A Christian spiritual director is a trained listener who will accompany you as you share about your spiritual journey, helping you to notice God’s presence and activity along the way, as well as your personal reactions and responses. Hospitable, confidential, and grounded in biblical truth, spiritual direction is a ministry that helps you grow in prayer and live into your calling as a follower of Christ.
Spiritual directors are part counselor, part mentor, part teacher, part role model, and part spiritual sounding board. Doesn’t this sound similar to the job description of the seminary professor?
Some of you are probably thinking, Maybe. But it also sounds like the job description of a good pastor or biblical counselor. I couldn’t agree more. But I contend that seminary professors, who are often also current or former pastors, can and should provide this sort of ministry to their students. In fact, by thinking of ourselves as a certain type of spiritual director to our students, we can complement whatever spiritual formation they hopefully receive within their local churches.
Seminary Professors and Spiritual Direction
I’m not calling for seminary professors to receive formal training as spiritual directors, though some may choose this route. I also understand that some professors may object to the formal spiritual direction profession for any number of reasons. I respect that decision. But hopefully we can agree that more professors ought to embrace practices that look similar to what is sometimes called “spiritual direction” as we labor to form our students into mature Christ-followers who are capable of providing spiritual leadership to God’s people.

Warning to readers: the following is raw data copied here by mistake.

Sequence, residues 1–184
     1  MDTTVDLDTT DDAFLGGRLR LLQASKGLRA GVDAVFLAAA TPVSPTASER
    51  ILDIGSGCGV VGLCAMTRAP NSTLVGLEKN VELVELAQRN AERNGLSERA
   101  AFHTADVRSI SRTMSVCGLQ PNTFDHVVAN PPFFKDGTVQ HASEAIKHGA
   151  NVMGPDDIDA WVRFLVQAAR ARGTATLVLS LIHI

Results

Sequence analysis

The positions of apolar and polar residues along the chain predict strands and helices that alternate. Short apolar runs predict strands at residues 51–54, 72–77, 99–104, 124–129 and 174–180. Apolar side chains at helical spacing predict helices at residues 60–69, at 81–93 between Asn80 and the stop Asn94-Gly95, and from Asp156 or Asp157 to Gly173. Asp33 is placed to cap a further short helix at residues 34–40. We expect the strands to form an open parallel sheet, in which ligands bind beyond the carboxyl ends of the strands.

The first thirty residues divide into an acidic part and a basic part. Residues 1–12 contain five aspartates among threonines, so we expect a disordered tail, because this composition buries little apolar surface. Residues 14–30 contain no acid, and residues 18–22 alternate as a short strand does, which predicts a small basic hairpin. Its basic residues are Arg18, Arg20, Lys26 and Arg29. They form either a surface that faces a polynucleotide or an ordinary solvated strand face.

In the classroom, we need to be intentional in applying our respective disciplines, not only to vocational ministry, but also to personal godliness. We must regularly and explicitly encourage our students to follow Christ, mortify sin, cultivate godly virtues, and practice disciplines that aid them in their spiritual journeys. We need to recognize that we are not just professors to them, but we are also spiritual role models who should be encouraging students to follow us as we follow Christ (1 Cor. 1:11). I have no doubt I am describing the present classroom practices of many professors.
When it comes to spiritual direction, however, the rubber meets the road in personal relationships. If we are to be spiritual directors, we need to be available to our students. Office hours can’t just be about academic advisement or answering questions about the term paper—these also must be times when we invite our students to meet with us for spiritual counsel, encouragement, and prayer. We need to listen to their stories, challenge them in their sins, rejoice with them in their victories, and always point them back to the gospel that fuels their spiritual journeys from beginning to end. We ought to invite students to accompany us when we travel to preach or teach in local churches or similar venues. Though it will be a significant investment of our time, we need to intentionally disciple as many of our students as we are able.
My fellow professors, we need to embrace the ministry of spiritual direction as it applies to our context. We need to creatively and, at times, sacrificially share ourselves with our students so that we can help them to thrive spiritually throughout seminary and beyond. In doing so, by God’s grace our ministries of spiritual direction will likely shape many of our students far more than what we teach them in our classrooms.